Mapping the Enumerated City: Spatial Strategies for Historical Microdata Linkage in New York 1850-1920

Daniel Miller, Columbia University

This paper introduces emerging record linkage methods central to a new project on the development of urban neighborhoods and landscapes in New York. Mapping Historical New York City is an interdisciplinary effort to bring together demographic data and archival collections into an interactive, digital mapping platform for use by scholars, teachers, and the general public. The project has developed approaches to spatial data creation within a critical framework, and this paper emphasizes both the problems and potential associated with connecting historical, spatial datasets for research on New York City. Historical record linkage processes pose considerable challenges to researchers seeking to carry out spatial analyses at the urban scale. When working with millions of demographic records without address information, record linkage can facilitate a more granular mapping of households and blocks that would not otherwise be possible. The paper will detail methods being developed by the project to link census, city directory, and insurance atlas records though spatial matching techniques. Working from historically accurate address locators, geocoded city and street directories are compared against census microdata at the enumeration district or ward level. We used a fuzzy matching process, supported by machine learning, to link the sequences and proximity of households surveyed by census enumerators to the geocoded city directory entries. When a direct match can be established and confirmed through a consideration of neighboring or proximate matches, the related address and block information is then associated with the census record. Preliminary outcomes of record linkage will be shared in the paper, which will also discuss how the results of linkage allow Mapping Historical New York City to learn more about census enumeration and city directory publication methods and test assumptions about the comprehensive and sequential components of those sources.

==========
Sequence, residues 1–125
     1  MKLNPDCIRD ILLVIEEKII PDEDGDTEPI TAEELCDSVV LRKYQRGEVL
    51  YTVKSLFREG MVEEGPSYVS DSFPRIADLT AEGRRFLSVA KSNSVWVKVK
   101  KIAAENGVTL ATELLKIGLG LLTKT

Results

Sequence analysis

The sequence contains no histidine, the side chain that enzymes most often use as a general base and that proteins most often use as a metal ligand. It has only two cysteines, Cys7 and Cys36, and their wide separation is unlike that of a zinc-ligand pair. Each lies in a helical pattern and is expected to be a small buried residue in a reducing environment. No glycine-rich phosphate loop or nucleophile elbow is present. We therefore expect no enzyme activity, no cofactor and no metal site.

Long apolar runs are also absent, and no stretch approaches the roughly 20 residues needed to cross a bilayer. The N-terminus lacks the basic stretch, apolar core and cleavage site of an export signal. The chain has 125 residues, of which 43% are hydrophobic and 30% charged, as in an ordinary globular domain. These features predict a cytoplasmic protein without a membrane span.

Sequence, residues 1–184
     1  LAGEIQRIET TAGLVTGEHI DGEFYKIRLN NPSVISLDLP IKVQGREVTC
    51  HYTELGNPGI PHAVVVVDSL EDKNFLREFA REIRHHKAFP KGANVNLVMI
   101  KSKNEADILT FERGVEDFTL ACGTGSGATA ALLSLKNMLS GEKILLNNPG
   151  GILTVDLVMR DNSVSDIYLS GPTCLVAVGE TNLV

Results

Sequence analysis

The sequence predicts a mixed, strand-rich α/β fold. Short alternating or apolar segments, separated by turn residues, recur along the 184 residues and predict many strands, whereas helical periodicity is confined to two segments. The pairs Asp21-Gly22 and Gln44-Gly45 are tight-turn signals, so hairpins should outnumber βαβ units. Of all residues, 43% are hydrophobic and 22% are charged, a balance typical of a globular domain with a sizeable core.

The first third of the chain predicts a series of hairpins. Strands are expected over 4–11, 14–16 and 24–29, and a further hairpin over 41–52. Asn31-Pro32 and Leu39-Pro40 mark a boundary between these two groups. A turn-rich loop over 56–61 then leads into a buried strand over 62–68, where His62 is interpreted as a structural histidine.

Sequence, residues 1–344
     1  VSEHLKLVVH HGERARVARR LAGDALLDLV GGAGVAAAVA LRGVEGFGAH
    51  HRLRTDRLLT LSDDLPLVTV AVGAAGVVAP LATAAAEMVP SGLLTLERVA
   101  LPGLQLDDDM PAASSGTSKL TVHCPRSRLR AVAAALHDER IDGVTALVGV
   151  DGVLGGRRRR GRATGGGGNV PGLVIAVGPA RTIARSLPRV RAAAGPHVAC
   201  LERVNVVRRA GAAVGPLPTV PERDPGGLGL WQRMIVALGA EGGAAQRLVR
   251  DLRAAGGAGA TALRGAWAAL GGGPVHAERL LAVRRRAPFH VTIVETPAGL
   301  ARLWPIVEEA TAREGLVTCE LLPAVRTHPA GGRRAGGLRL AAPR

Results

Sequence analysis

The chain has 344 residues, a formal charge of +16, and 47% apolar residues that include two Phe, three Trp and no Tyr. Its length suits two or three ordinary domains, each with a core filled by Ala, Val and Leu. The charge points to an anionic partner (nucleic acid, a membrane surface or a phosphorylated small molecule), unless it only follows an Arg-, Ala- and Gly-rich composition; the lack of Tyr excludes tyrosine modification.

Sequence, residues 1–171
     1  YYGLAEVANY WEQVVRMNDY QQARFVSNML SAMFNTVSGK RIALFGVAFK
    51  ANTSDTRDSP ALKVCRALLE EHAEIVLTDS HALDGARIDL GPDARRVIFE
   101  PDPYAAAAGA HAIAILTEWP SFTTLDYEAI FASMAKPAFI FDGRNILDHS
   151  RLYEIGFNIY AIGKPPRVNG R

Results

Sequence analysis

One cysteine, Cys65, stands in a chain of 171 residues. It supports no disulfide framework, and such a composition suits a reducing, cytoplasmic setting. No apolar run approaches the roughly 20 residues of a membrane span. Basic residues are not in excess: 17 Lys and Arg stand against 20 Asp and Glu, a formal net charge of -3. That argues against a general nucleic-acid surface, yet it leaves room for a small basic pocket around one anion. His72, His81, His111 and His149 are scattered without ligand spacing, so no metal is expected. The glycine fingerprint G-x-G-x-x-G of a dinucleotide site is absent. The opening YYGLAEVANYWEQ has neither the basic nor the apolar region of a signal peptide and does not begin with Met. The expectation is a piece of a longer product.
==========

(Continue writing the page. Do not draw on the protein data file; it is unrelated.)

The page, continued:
No extended abstract or paper available

 Presented in Session 31. Emerging Methods: Computation/Spatial Econometrics